5. Weighted Shortest Job First (WSJF): Introduced in Don Reinertsen’s book ‘Principles of Product Development Flow, and popularized by SAFe. Weighted Shortest Job First is a prioritization mechanism used in Agile development to prioritize work items based on their cost of delay and size. The cost of delay is the potential impact of delaying the delivery of an initiative, and it is usually measured in terms of financial cost, opportunity cost, or customer satisfaction. Size, on the other hand, is the relative effort required to complete a work item and is typically measured in story points or other similar units.


Pros: WSJF takes into account various parameters in order to determine an optimal way of sequencing work (typically epics, capabilities and features, not stories or tasks/bugs) for the most beneficial outcome.

Cons: To get started with WSJF takes a lot of educating people on the inputs and outputs of the model. It forces people to think about everything that is paramount to filter through the garbage, and in my experience, often the stakeholders in the room don’t have this information, and in even worse examples, the Organisation ‘doesn’t analyze these parameters’.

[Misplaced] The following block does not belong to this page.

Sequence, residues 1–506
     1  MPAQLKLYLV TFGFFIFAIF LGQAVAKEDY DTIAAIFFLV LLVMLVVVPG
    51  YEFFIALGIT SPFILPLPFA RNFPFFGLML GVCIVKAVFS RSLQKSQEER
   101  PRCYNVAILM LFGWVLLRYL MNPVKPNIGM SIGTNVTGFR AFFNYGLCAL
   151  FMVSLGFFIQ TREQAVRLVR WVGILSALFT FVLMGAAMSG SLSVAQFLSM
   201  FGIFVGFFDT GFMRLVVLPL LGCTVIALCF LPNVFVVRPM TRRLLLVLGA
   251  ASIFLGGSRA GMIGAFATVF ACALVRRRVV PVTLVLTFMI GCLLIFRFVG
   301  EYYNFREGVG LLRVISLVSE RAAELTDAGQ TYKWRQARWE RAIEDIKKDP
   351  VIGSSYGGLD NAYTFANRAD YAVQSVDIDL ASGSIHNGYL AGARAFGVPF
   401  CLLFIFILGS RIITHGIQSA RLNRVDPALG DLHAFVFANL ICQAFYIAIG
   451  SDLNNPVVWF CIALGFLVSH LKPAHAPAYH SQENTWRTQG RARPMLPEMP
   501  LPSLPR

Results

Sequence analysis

In conclusion, prioritizing initiatives in Agile development is crucial for delivering on the agile value drivers of early value delivery, reducing waste, increasing customer satisfaction, and optimizing capacity allocation. The MoSCoW, Kano model, Business Value, Relative Weighting and WSJF techniques are just a few examples of prioritization techniques that organizations (and teams*) can use to prioritize their work items. By selecting the right prioritization technique and prioritizing work items effectively, teams can increase their chances of delivering high-quality software that meets the needs of their customers.


*Team and organization is used interchangeably in the above context. Please don’t use WSJF in the team domain as on the user story level its ineffective.